Discriminability and memorability are two aspects of receiver psychology; a component of sensory processing that directly precedes the receiver response. Endler (1993) emphasizes that the receiver is an overlooked player and he provides a framework to better understand the role that psychology plays in signal efficacy. Prior to discriminability and memorability, an organism must detect a signal. Like discriminability, detectability is more heavily involved in signal efficacy and sensory exploitation. Memorability is affected by efficacy and sensory exploitation as well but involves more cognitive elements (Guilford and Dawkins 1991). Certain receivers can discriminate between group members using cues and/or signals during conflicts and use this information to make social decisions in the future (Sima et al. 2017).
Miriam Jennifer Sima et al. (2017) demonstrated that feeding conflicts in carrion crows influence post-feeding behaviors, such as affiliation and reconciliation. This would suggest that carrion crows are able to discriminate between flock members during feeding and after feeding phases, and remember competitors, third party offenders, and third party victims from feeding phase conflicts (Sima et al. 2017). Observed signals during feeding conflicts were contact aggression (peck, fight) and in non-contact aggression (displacement, chase). Sima et al. (2017) split the agonistic data into two sensory modalities: tactile (peck, fight) and visual (displacement, chase). Then a correlation was calculated between agonistic behaviors expressed in the feeding phase and affiliate and reconciliation behaviors in the after-feeding phase.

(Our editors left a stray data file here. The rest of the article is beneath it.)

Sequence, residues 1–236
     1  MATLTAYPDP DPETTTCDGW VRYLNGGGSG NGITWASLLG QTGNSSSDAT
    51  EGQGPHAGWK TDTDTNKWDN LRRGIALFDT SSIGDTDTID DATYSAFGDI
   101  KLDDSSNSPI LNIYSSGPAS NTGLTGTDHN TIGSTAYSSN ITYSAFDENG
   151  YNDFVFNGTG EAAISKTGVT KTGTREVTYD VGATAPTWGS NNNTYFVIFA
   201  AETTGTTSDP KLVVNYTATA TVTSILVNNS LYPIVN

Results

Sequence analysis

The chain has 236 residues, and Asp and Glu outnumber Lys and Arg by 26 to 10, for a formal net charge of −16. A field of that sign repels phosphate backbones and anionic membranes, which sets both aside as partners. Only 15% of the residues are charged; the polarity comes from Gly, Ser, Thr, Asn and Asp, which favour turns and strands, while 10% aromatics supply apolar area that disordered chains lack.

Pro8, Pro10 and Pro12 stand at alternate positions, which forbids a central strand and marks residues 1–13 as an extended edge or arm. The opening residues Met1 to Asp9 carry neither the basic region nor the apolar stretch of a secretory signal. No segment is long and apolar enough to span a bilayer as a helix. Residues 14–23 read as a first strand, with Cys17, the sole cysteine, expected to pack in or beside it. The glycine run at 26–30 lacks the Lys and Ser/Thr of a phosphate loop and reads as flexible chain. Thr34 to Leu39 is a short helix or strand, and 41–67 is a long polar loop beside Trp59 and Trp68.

Sima et al. (2017) predicted that there would be third party affiliation between former victims of aggression and a third party (not the aggressor) and that there would be reconciliation between aggressors and victims of aggression. Affiliate and reconciliatory behaviors match the same criteria, allo-preening, food sharing, or contact sit, but are between different players within the conflict. Sima et al. (2017) also predicted that victims of contact aggression would receive stronger affiliate/reconciliatory behaviors in the after-feeding phase (allo-preening>food sharing>contact sitting). Their data supported each of these predictions. Former victims of aggression almost always received affiliation or reconciliation, former victims of contact aggression received reconciliation or affiliation significantly more than victims of non-contact aggression, all victims of aggression received affiliation significantly more than reconciliation, and there was a trend between whether or not an aggression involved contact and affiliate /reconciliatory behaviors. Victims of contact aggression received allo-preening significantly more than victims of non-contact aggression (Sima et al. 2017).
These results suggest that carrion crows may use tactile and visual signals and/or cues during threat displays during feeding to make post-feeding decisions. It also supports that carrion crows can discriminate between flock members and remember previous conflicts. The most interesting finding is that feeding conflicts are reciprocated with post-feeding cooperation. It is possible that offenders reconcile and third parties affiliate with victims to receive benefits in future conflicts. If carrion crows remember a group member as a third party affiliate then they may treat them with less aggression during feeding. If a carrion crow remembers a group member that was a contact aggressor, then it might not want to compete with that crow in the future. Reconciliation could then enhance memorability by reinforcing original memory.